SAN FRANCISCO -- Tesla Inc is developing a long-haul, electric semi-truck that can drive itself and move in "platoons" that automatically follow a lead vehicle, and is getting closer to testing a prototype, according to an email discussion of potential road tests between the car company and the Nevada Department of Motor Vehicles, seen by Reuters.
Meanwhile, California officials are meeting with Tesla on Wednesday "to talk about Tesla's efforts with autonomous trucks," state DMV spokeswoman Jessica Gonzalez told Reuters.
The correspondence and meeting show that Tesla is putting self-driving technology into the electric truck it has said it plans to unveil in September, and is advancing towards real-life tests, potentially moving it forward in a highly competitive area of commercial transport also being pursued by Uber Technologies Inc and Google affiliate Waymo.
After announcing intentions a year ago to produce a heavy-duty electric truck, Musk tweeted in April that the semi-truck would be revealed in September, and repeated that commitment at the company's annual shareholder meeting in June, but has never mentioned any autonomous-driving capabilities.
Tesla has been a leader in developing autonomous driving capability for its luxury cars, including the lower-priced Model 3, which it is beginning to manufacture.
Several Silicon Valley companies developing autonomous driving technology are working on long-haul trucks.
They see the industry as a prime early market for the technology, citing the relatively consistent speeds and little cross traffic trucks face on interstate highways and the benefits of allowing drivers to rest while trucks travel.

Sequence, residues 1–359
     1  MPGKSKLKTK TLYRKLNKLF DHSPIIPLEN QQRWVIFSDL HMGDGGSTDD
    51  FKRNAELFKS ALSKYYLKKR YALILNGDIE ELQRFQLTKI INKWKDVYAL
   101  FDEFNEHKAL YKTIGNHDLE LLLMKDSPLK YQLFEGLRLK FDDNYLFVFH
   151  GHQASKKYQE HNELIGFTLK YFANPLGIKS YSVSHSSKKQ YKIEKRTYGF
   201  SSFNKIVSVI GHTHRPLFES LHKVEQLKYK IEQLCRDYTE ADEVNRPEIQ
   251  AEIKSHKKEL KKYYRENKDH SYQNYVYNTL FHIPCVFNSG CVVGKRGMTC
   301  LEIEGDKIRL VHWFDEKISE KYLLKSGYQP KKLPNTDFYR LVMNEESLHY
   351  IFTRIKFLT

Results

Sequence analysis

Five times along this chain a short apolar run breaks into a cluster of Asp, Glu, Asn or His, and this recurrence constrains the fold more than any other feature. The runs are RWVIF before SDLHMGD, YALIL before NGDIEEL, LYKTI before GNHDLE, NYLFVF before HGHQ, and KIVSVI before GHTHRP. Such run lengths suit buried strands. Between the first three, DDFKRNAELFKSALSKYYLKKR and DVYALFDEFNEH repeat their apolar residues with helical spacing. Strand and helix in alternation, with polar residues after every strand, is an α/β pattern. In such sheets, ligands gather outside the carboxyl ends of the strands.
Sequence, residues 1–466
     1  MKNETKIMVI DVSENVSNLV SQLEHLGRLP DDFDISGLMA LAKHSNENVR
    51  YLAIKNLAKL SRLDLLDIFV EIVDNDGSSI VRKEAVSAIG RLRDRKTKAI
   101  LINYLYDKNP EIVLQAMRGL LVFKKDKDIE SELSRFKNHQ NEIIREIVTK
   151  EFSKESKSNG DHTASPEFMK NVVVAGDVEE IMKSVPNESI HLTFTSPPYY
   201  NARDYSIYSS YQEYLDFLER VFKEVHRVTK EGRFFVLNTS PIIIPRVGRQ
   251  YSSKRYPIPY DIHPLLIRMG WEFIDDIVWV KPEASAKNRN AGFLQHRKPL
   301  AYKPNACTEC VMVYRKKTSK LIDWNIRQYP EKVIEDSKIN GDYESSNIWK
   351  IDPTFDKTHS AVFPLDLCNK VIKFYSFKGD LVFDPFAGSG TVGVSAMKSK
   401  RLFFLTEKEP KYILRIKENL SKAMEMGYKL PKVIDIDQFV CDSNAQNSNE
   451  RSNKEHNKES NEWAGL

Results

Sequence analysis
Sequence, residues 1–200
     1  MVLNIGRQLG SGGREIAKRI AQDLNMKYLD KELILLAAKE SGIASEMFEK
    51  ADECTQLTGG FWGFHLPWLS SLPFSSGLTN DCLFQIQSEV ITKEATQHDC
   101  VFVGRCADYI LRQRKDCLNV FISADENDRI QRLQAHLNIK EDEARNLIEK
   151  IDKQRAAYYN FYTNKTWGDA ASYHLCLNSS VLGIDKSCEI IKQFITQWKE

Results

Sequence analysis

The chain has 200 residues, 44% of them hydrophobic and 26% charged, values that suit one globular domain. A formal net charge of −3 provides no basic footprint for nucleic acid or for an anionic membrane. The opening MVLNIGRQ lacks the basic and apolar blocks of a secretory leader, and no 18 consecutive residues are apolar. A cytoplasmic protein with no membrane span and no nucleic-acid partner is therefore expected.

Some companies also are working on technology for "platooning," a driving formation where trucks follow one another closely. If trucks at the back of the formation were able to automatically follow a lead vehicle, that could cut the need for drivers.
An email exchange in May and June between Tesla and Nevada DMV representatives included an agenda for a June 16 meeting, along with the Nevada Department of Transportation, to discuss testing of two prototype trucks in Nevada, according to the exchange seen by Reuters.
"To insure we are on the same page, our primary goal is the ability to operate our prototype test trucks in a continuous manner across the state line and within the States of Nevada and California in a platooning and/or Autonomous mode without having a person in the vehicle," Tesla regulatory official Nasser Zamani wrote to Nevada DMV official April Sanborn.
No companies yet have tested self-driving trucks in Nevada without a person in the cab. On July 10, Zamani inquired further to the Nevada DMV about terms for a testing license, an email seen by Reuters shows.
California DMV spokeswoman Gonzalez said that Tesla had requested a meeting on Wednesday to introduce new staff and talk about Tesla’s efforts with autonomous trucks. She said that the DMV was not aware of the level of autonomy in the trucks.
Tesla declined to comment on the matter, referring Reuters to the previous statements by Musk, who has discussed the truck in tweets and at the annual shareholder meeting.
Nevada officials confirmed the meeting with Tesla had occurred and said that Tesla had not applied for a license so far. They declined to comment further.
Musk has said that potential customers are eager to get a Tesla electric long-haul truck, but he faces doubt that the company can deliver.
While established trucking companies and truck manufacturing startups have poured resources into electrifying local package delivery fleets, battery range limitations have largely kept the industry from making electric trucks that travel across swaths of the country.
Lithium ion battery researcher Venkat Viswanathan of Carnegie Mellon University said electric long-haul trucking is not economically feasible yet.
“Your cargo essentially becomes the battery,” Viswanathan said of the massive batteries that would be needed to make range competitive with diesel.
Diesel trucks used for cross-country hauls by United Parcel Service Inc. can travel up to 500 miles on a single tank, according to UPS's director of maintenance and engineering, international operations, Scott Phillippi. By comparison, the company's electric local package delivery trucks travel up to 80 miles on a full charge.